The best cameras for shooting 4K @ 120fps video
Which cameras can shoot 4K video at 120fps? From interchangeable lens cameras like the Canon EOS R5 to smartphones like the Samsung Galaxy S20 Ultra to 360 VR options from Kandao, we’ve rounded up the best consumer cameras for 4K 120p footage to help with your filmmaking.
But first, let’s take a look at why you would want to shoot 4K at higher frame rates.
Why shoot video at high frame rates?
In recent years many photographers and filmmakers have sought out cameras that shoot 4K video at 60fps. As technology has advanced, some are now seeking out cameras that shoot 4K at 120fps. Why do people want these higher frame rates?
Let’s begin first by examining the benefits of shooting 4K at 60fps. Shooting at 60fps simply gives you the ability to slow down footage to half speed so you can get that scene-setting slow-motion effect.
You can also output that footage at 29.7fps, which is the standard playback frame rate. This way, 60fps footage can easily be mixed with 29.7fps footage. But while it can, and is commonly, it’s not ideal and we’ll tackle that in a bit.
Starting with the obvious benefits. Footage shot at 60fps that is slowed to 29.7fps enables you to stretch 1 second of footage over 2 seconds. This is perfect for the visual effect of scene-setting. Think Reservoir Dogs.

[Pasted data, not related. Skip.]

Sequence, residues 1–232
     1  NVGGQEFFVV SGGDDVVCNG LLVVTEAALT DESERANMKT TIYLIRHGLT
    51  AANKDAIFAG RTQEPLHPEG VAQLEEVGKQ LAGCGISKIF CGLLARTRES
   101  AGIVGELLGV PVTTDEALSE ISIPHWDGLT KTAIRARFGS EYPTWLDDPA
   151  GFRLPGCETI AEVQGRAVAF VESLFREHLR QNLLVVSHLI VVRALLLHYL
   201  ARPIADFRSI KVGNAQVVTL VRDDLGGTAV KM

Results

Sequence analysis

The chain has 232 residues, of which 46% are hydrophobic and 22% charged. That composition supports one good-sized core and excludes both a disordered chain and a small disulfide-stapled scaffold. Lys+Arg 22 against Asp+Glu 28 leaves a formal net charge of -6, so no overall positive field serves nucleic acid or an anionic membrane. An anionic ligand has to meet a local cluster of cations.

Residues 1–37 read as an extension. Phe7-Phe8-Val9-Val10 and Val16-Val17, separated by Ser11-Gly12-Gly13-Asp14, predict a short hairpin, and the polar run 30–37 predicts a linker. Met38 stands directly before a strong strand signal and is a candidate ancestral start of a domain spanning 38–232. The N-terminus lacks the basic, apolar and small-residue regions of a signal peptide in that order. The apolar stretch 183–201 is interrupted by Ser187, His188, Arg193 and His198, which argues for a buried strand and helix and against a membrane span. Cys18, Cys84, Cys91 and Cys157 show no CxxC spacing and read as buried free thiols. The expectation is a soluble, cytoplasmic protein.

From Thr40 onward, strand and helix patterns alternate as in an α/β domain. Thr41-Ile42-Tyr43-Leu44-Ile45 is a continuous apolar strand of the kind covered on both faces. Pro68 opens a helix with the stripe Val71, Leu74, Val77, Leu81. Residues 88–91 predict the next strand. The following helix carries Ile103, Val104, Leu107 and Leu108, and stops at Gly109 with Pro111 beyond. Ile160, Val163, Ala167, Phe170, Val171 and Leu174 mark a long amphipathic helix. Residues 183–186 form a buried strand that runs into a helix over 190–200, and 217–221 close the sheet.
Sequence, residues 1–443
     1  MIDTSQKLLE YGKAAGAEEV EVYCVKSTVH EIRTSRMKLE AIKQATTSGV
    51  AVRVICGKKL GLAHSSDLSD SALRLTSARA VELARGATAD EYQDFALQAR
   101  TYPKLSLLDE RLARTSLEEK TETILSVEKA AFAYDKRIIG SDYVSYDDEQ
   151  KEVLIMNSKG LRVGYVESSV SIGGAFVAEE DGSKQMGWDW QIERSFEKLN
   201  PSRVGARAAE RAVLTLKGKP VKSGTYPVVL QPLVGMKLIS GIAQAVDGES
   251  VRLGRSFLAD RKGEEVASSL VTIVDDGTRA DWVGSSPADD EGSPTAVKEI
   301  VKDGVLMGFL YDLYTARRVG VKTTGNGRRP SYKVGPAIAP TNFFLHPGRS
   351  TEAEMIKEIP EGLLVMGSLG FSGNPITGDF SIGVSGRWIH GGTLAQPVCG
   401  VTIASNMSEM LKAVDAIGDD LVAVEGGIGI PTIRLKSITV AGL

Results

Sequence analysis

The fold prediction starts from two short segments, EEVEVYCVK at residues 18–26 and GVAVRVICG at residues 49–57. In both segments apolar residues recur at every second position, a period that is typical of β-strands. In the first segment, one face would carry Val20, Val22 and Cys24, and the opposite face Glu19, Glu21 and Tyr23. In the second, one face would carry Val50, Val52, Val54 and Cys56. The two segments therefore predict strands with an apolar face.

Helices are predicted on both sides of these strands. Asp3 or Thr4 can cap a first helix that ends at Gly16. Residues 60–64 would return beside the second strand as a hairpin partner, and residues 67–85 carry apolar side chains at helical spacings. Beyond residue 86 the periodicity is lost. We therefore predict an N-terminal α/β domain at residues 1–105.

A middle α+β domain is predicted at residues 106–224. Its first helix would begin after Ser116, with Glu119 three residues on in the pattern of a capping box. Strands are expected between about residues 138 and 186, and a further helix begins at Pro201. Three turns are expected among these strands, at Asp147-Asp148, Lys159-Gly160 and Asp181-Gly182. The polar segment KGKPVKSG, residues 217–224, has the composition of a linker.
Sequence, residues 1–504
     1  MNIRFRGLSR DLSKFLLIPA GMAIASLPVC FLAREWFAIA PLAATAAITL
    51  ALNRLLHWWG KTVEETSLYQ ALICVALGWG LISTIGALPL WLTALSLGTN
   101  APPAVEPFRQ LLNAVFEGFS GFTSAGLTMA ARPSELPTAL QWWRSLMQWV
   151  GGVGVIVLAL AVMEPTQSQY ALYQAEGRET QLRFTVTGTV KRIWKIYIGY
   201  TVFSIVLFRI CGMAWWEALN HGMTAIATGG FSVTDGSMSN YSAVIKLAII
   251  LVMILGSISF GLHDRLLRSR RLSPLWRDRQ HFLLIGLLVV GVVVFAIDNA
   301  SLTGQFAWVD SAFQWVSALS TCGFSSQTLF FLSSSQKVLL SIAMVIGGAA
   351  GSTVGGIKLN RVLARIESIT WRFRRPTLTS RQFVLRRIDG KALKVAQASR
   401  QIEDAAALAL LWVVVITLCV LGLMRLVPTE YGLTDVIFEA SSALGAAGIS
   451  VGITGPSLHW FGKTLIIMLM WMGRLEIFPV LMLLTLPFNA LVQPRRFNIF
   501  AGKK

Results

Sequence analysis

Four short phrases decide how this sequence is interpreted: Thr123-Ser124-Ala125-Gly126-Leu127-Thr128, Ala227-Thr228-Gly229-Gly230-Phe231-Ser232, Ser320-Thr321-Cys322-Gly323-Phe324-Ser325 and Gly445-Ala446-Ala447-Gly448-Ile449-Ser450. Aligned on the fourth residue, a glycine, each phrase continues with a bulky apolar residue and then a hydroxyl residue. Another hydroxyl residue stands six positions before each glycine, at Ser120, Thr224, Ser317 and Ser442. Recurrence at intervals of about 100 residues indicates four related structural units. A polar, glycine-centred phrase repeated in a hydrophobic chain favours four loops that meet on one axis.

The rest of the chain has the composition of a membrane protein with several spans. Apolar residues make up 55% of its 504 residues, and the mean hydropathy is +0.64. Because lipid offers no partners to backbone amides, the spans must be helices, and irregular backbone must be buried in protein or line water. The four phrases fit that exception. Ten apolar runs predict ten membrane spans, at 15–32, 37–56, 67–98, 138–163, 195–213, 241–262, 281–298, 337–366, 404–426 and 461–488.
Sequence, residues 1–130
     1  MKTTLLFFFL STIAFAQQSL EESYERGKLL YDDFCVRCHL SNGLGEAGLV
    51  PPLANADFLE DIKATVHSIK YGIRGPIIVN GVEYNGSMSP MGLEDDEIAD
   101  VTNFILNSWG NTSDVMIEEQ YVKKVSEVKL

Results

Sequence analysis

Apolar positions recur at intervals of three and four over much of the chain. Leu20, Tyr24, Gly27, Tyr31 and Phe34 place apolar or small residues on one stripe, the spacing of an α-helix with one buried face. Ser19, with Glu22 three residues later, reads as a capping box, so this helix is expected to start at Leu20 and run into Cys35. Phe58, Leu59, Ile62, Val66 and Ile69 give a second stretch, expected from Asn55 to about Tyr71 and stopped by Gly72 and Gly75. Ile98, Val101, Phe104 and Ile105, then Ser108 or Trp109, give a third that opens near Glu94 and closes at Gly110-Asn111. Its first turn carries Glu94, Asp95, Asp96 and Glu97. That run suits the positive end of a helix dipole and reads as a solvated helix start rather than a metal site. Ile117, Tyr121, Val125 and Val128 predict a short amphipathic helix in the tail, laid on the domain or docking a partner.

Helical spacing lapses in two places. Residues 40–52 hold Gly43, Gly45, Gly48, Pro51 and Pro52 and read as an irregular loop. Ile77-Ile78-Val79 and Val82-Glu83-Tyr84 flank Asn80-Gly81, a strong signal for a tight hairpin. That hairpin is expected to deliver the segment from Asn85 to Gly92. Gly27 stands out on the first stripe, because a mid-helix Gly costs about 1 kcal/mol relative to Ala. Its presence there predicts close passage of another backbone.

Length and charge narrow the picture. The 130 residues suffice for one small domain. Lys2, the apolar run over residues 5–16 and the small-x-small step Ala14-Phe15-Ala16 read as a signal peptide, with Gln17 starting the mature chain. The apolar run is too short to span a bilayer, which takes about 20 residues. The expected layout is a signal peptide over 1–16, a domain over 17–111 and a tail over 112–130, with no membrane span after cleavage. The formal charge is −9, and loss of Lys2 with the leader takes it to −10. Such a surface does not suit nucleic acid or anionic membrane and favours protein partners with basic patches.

If you try the same with footage shot at 30fps and slow it down to half speed, then you have to stretch 29.7 frames over 2 seconds – essentially 15 frames per second. That’s not enough, especially at 4K, so you end up with everything looking kind of staccato – to borrow a musical term.
Using this line of thought you’d think that always filming at 60fps would be a good idea, as you can halve its playback speed and mix it with standard 29.7fps footage as needed. However, shooting at 60fps all the time is far from ideal.
Before we go into why, it’s worth pointing out that you should always film at the frame rate you need. If the footage you’re shooting is going to played back at a standard 29.7fps then film at that standard fps. If you want slow motion, then increase the fps to cover the number of frames that you need.
For normal playback at 29.7fps, half-speed you will need 60fps, quarter speed you’ll need 120fps etc. Now we begin to understand why you would film 4K at 120fps.
Using the 180-degree shutter rule
Let’s move on to why you shouldn’t always film at 60fps – even though looking at the basics it would seem sensible.
This is where the technical aspect comes in. You need to think about the 180-degree shutter rule. This dictates that the fps should always be half of the shutter speed. At 29.7fps it’s relatively easy to find a balance of gain (ISO) and IRIS (Aperture) to enable that all-important 1/60th shutter speed.
But, crank that to 60fps and you suddenly need a shutter speed of 1/120th – and that’s quite a jump.
Shooting a frame at 1/120th of second is going to eliminate any motion blur, whereas shooting at 1/60th will give motion blur in the frame. Motion blur is important for video as it helps with that all-important persistence of vision. The blur actually helps with smoothness of playback.